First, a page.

Iowa caucuses explained

With the caucuses now less the a day away, let us break down Iowa's unusual caucuses.

For the Democratic Party, caucuses form all around the state based upon specified precincts. Unlike the primaries, where voters pick candidates via ballots, caucuses form and ultimately pick one candidate. Caucuses take place at schools and libraries, and truly are groups of people whom convene and decide whom they like most. For example, one caucus may consist of 100 people. Within that caucus, one candidate will be selected by process of elimination. They use a 15% rule. People break up into the groups of whom they favor. The candidate must receive 15% of the vote. So, if there were 7 candidates, and 3 candidates received 20% each, and the other 4 candidates received 40% combined - but not one getting at least 15%, those people must then pick from the other 3 candidates.`So now, lets call the first three candidates A,B, and C. A ends up after the others were forced to re vote with 40%, B the same, and C now has only 20%. C is forced to re vote between the top 2. Now B has 55%, and A only %45. B wins. And then that county or precincts caucus sends their vote tally to their respective headquarters.

For the Republican Party, its a different story. Secret ballots determine delegates. "The vote determines which delegates, representing which candidates, will attend county conventions. There, delegates are chosen for state congressional district conventions, where delegate to national convention are picked.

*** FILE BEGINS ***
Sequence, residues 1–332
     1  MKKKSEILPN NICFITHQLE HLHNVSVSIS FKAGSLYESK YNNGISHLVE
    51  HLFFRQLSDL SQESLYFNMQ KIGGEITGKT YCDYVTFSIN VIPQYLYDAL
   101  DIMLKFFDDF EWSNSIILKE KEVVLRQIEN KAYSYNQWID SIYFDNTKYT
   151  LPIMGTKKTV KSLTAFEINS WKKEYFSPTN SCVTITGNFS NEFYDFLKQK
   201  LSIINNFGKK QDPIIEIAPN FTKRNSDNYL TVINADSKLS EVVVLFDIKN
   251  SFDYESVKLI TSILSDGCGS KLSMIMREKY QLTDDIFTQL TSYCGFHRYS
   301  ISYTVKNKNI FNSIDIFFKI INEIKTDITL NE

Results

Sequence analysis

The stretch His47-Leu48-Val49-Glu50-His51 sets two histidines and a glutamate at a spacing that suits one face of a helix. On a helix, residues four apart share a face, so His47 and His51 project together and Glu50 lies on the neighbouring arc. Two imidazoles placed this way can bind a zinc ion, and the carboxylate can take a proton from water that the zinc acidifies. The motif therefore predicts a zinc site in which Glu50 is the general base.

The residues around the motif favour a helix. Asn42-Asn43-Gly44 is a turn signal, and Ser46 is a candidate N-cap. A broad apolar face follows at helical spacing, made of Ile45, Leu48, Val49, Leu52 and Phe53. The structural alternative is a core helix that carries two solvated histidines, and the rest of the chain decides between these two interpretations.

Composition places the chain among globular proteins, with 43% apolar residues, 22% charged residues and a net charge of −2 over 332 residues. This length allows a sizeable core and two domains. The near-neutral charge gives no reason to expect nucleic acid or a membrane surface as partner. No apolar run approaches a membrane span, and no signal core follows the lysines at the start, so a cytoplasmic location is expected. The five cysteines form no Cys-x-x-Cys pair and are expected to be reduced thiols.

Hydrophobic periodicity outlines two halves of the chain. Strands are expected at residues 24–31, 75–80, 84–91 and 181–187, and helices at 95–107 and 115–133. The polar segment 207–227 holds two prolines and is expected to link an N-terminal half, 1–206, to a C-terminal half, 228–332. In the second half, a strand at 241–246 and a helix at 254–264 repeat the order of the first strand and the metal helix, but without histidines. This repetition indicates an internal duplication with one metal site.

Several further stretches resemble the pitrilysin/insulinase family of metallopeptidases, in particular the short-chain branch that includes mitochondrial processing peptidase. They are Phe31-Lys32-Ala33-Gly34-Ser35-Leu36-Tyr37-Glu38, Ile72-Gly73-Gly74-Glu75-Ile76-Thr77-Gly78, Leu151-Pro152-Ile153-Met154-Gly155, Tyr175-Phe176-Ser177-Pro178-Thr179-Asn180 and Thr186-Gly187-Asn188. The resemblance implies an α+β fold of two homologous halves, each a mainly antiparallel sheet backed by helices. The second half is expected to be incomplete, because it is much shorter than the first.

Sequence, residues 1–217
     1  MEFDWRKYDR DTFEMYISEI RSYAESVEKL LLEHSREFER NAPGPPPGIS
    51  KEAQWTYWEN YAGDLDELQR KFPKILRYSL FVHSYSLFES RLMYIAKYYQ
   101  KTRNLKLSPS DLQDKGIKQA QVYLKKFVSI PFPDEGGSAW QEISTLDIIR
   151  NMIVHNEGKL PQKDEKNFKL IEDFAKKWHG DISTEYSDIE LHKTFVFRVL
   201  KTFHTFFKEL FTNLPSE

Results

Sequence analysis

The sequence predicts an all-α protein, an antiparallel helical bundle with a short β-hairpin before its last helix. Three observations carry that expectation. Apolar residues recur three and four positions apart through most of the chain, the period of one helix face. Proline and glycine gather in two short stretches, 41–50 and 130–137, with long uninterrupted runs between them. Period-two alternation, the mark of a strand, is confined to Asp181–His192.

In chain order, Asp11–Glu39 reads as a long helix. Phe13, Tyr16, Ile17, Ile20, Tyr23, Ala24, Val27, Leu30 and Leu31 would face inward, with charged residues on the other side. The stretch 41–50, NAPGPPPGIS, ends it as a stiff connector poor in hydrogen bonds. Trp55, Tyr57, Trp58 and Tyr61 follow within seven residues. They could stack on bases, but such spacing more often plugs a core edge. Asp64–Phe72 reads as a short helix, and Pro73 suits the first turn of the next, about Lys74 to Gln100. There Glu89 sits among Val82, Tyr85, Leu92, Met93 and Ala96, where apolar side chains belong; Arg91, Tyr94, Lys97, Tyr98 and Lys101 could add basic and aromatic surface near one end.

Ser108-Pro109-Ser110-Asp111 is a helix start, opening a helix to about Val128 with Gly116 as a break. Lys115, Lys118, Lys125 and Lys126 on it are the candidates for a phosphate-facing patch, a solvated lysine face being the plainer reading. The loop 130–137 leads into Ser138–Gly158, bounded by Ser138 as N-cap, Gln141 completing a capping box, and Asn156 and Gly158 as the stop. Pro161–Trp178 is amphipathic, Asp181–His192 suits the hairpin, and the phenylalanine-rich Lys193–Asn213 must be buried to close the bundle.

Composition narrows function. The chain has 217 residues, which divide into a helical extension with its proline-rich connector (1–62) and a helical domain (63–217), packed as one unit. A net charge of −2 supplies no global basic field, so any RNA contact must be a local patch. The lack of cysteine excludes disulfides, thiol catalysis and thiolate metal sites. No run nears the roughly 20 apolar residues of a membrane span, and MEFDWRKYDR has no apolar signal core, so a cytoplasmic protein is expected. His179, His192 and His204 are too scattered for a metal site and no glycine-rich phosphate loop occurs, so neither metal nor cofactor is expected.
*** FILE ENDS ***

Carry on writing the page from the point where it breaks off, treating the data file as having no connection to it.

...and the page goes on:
The Republicans use a winner-take-all system. Whichever candidate wins the caucuses takes all of the delegates for the state."

I hope that helps as I saw that on CNN this and referenced another article i posted previously.

Here it is as explained in further detail by wiki "The Iowa caucus operates very differently from the more common primary election used by most other states (see U.S. presidential primary). The caucus is generally defined as a "gathering of neighbors." Rather than going to polls and casting ballots, Iowans gather at a set location in each of Iowa's 1784 precincts. Typically, these meetings occur in schools, churches, or public libraries. The caucuses are held every two years, but the ones that receive national attention are the presidential preference caucuses held every four years. In addition to the voting and the presidential preference choices, caucus-goers begin the process of writing their parties’ platforms by introducing resolutions. [1]

Unlike the first-in-the-nation New Hampshire primary, the Iowa caucus does not result directly in national delegates for each candidate. Instead, caucus-goers elect delegates to county conventions, who elect delegates to district and state conventions where the national convention delegates are selected.[citation needed]

The Republicans and Democrats each hold their own set of caucuses subject to their own particular rules that change from time to time. Participants in each party's caucuses must be registered with that party. Participants can change their registration at the caucus location. Additionally, 17-year-olds can participate, as long as they will be 18 years old by the date of the general election. Observers are allowed to attend, as long as they do not become actively involved in the debate and voting process.


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